the simultaneous transmission of the audio or video portion, or both, of horse races from a licensed horse racetrack or satellite facility to another licensed horse racetrack or satellite facility, regardless of state of licensure, whether such races originate within the Commonwealth or any other jurisdiction, by satellite communication devices, television cables, telephone lines, or any other means for the purposes of conducting pari-mutuel wagering.

The definition of "simulcast horse racing" clearly permits the receipt by a "satellite facility" of the audio and/or video transmission of horse races.

"The Virginia Racing Commission is vested with control of all horse racing with pari-mutuel wagering in the Commonwealth, with plenary power to prescribe regulations and conditions under which such racing and wagering shall be conducted."

Furthermore, "[t]he conduct of any horse racing with pari- mutuel wagering participation in such racing or wagering ... is a privilege which may be granted or denied by the Commission." The Commission has "all powers and duties necessary to carry out the provisions of [Chapter 29] and to exercise the control of horse racing as set forth in 59.1-364." "If the language of a statute is plain and unambiguous, and its meaning perfectly clear and definite, effect must be given to it." It is unnecessary to resort to any rules of statutory construction when the language of a statute is unambiguous. In those situations, the statute's plain meaning and intent govern.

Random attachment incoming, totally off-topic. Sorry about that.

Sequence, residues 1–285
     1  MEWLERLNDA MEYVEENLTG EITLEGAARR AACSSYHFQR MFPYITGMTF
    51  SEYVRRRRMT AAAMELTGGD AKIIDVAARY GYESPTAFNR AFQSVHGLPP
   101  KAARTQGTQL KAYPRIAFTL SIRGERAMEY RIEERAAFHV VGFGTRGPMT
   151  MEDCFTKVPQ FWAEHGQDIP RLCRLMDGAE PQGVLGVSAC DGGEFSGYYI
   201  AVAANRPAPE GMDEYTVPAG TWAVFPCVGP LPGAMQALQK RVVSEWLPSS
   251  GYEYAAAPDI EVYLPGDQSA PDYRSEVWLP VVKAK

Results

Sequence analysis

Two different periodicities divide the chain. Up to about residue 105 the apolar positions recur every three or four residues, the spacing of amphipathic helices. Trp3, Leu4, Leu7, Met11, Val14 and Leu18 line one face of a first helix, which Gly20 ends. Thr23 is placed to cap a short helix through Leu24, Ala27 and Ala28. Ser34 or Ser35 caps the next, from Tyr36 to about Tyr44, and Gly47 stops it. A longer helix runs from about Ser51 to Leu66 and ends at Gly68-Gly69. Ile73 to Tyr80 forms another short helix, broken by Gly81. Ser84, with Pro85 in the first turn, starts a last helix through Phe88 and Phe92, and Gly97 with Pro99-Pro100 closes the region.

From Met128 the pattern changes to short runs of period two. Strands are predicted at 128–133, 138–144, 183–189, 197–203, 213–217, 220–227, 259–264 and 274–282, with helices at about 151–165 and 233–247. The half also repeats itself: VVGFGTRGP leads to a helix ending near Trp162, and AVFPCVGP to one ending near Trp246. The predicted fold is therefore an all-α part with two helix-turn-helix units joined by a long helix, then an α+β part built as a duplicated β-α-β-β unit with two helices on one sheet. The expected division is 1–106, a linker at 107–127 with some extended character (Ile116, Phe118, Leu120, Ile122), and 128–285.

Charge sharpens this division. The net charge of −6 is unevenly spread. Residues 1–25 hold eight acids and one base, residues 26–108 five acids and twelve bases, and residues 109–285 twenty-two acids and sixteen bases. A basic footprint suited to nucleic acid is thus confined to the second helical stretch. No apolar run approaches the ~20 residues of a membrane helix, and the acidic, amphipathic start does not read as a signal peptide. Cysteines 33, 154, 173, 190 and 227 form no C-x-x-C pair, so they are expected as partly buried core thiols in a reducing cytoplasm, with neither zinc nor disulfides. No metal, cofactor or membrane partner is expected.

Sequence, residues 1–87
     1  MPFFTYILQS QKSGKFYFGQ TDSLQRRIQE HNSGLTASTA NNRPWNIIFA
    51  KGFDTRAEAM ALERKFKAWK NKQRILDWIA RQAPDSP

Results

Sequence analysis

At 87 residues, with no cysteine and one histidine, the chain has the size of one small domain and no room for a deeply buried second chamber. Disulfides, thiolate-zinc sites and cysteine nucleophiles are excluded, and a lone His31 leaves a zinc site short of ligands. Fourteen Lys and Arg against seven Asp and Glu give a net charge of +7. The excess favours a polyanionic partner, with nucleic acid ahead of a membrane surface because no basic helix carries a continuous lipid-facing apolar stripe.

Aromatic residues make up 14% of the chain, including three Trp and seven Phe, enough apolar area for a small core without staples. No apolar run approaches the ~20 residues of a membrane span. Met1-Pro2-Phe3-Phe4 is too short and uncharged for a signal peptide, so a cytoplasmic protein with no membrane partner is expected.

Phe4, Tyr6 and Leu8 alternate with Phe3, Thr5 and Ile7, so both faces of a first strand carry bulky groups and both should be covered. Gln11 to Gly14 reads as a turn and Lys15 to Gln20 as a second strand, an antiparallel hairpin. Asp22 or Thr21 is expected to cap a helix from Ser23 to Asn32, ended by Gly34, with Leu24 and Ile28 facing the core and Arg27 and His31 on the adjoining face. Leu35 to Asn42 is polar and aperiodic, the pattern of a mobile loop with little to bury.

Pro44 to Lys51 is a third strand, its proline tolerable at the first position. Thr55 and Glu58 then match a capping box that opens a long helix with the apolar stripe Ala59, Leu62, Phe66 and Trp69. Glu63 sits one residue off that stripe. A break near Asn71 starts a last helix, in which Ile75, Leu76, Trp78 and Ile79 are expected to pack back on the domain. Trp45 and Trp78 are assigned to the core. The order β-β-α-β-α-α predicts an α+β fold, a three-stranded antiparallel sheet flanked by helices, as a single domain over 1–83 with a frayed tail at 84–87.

The Commission has authority to grant an initial license "to construct, establish, operate or own a ... satellite facility" only after voter approval of a referendum held in the county or city in which such satellite facility is to be located. Section 59.1-391 sets out the requirements for the filing of a petition requesting that a local referendum be held to decide the question of pari-mutuel wagering in accordance with Chapter 29. The petition must be signed by five percent of the qualified voters and filed with the circuit court of the county or city where the racetrack is to be located. Voter approval, therefore, is required for operation of a satellite facility.

Section 59.1-369(4) provides the only limitation placed on the Commission relating to licensure of satellite facilities: